Note: That is Kathua district South of Jammu in J & K.
98 year old Muhammad Siddique narrates his understanding of the events of 1947, when he was 26 years old. His family eventually had no choice but to flee across the border to the newly created Pakistan. He still resides in the city of Faisalabad, Pakistan.
I have noted 3 main parts of the conversation that need attention today:
1) @ 12:27
We heard Pakistan was being made but the Maharajah Hari Singh wanted to keep his population intact - That is, for Hindus and Muslims to continue co-existing where they were and refrain from migration. He even took forceful measures to maintain this policy.
2) @ 21:08
Sheikh Abdullah (as head of emergency administration) also insisted that Hindus and Muslims of Jammu should not separate. Further, he (the Sheikh) clarified that we are neither going to become a part of India or a part of Pakistan. We would remain a separate (political) entity. The Maharajah and Sheikh Abdullah seemed to have some mutual understanding on this point.
3) @ 26:48
Not a day passes when Muhammad Siddique does not remember his hometown (Beeru Chak in J & K). He remembers it as a fabulous country where everybody would care for each other and that included Hindus. He doesn't understand what suddenly happened that destroyed everything.
Now, if you read the white Urdu text with a blue background in the top left-hand corner of the embedded video, it translates as:
Migration from district Kathua Jammu Kashmir to Pakistan
An eye-witness account of Hari Singh's false pretensions and oppression of Muslims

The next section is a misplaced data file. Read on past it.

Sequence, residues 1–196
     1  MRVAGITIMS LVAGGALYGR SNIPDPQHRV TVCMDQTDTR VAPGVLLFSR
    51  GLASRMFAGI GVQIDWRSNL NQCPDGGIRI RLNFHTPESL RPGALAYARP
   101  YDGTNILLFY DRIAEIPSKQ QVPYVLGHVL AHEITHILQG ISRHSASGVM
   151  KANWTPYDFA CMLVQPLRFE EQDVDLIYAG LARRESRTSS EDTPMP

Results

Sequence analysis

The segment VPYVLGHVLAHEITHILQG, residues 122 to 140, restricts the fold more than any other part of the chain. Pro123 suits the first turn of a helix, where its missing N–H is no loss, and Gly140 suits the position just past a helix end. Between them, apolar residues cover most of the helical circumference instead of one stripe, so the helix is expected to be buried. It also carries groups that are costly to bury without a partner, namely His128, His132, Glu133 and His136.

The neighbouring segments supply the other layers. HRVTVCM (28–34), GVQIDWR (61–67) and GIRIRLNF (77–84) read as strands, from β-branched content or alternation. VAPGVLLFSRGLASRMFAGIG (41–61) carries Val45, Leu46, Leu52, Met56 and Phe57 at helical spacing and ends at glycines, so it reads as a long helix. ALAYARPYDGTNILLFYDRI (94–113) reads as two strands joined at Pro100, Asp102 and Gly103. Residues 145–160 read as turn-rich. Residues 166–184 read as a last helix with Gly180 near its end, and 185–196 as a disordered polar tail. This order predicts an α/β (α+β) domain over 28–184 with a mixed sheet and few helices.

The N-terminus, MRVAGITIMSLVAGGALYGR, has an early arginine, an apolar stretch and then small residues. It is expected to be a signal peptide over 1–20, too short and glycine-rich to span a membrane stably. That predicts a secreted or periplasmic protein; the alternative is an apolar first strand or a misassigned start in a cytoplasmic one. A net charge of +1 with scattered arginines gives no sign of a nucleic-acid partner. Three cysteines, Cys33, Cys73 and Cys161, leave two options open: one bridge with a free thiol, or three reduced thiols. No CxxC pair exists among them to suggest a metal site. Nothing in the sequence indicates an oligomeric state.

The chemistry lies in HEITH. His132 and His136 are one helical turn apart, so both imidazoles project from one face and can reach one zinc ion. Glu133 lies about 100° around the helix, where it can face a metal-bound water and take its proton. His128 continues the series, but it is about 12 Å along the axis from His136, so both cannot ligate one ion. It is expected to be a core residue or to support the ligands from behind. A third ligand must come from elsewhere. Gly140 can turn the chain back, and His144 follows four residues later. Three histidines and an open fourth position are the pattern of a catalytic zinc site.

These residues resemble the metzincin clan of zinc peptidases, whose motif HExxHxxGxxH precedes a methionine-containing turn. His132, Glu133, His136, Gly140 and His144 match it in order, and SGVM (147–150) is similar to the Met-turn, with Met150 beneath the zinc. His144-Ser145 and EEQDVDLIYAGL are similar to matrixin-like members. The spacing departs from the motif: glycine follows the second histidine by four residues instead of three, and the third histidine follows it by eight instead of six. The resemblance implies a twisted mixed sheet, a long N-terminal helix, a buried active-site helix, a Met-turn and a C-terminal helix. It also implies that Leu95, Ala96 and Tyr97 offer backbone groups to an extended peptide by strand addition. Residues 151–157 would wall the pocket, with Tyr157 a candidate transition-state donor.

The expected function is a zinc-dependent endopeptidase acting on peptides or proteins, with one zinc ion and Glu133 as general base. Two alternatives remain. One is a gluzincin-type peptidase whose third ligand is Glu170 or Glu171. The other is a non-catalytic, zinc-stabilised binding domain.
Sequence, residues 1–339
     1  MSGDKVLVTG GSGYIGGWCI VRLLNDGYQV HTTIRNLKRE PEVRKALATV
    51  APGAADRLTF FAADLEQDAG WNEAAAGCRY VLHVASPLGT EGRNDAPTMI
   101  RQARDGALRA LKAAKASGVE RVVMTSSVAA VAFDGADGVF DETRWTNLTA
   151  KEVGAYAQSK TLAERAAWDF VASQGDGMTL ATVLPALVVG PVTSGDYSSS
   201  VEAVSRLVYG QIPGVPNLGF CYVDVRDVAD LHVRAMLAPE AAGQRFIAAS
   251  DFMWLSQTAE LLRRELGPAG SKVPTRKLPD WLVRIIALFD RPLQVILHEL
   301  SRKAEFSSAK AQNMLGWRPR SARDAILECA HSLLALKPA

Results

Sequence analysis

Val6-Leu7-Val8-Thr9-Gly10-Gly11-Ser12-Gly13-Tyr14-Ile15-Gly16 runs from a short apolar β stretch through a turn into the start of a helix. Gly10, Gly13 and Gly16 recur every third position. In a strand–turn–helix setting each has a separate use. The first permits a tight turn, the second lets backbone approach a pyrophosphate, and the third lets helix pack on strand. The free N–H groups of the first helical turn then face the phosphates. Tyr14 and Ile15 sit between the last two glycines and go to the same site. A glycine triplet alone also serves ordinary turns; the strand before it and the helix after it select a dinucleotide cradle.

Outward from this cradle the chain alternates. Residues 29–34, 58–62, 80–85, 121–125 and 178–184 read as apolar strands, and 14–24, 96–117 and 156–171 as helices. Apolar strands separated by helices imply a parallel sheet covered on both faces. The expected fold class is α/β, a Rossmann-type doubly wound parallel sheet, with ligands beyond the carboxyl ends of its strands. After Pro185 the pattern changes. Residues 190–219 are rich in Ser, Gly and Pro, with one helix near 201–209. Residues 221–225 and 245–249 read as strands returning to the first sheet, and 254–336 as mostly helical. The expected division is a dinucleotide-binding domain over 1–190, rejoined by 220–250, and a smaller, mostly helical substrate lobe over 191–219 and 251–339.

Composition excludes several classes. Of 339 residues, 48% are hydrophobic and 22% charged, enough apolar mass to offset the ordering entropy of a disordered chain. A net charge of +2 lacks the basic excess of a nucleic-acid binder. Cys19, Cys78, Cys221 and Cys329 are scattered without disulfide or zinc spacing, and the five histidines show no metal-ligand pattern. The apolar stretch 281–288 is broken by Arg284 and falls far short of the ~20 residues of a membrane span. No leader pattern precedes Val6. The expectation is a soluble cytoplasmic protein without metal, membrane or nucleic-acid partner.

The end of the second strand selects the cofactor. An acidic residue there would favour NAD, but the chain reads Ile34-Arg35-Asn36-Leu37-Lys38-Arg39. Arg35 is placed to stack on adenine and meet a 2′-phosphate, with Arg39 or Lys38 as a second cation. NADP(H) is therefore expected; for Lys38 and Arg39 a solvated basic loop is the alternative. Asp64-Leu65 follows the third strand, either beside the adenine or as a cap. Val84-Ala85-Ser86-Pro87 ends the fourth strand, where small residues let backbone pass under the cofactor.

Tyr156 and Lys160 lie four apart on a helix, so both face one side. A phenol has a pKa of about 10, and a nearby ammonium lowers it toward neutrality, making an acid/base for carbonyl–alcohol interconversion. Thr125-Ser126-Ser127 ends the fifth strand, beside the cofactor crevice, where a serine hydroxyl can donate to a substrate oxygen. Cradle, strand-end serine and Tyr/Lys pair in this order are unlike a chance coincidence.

There are always at least two ways of interpreting historical narratives. One way is to re-emphasise the difference and hatred of the 'other'. So, in this case a conclusion can be drawn that a Hindu ruler oppressed his Muslim subjects and this video is evidence of that. Hence, making Pakistan was a great idea because it provided a safe haven for Muslims.
The other way of interpreting this video is to try and learn what went wrong so we can avoid separating large populations of people, just because they belong to a different religion from the majority. Why did such events happen so suddenly and spontaneously?
I think the answer lies in the divide and rule policies of the British empire and unfortunately most writers tend to gloss over this aspect by taking an overt 'Muslim' or 'Hindu' stance, thereby blaming each other through vicious propaganda for decades on end. Meanwhile, the British obtained safe passage from the fire they created and have subsequently enjoyed immunity from all responsibility thereafter.
Hence, my pursuit of trying to understand the British attitude to an emerging neutral sovereign State of Jammu & Kashmir in the 1940's.
What steps did they take to forestall it?
Why did they drag the aspirations of both the autocrat and his subjects under the bus named India and Pakistan?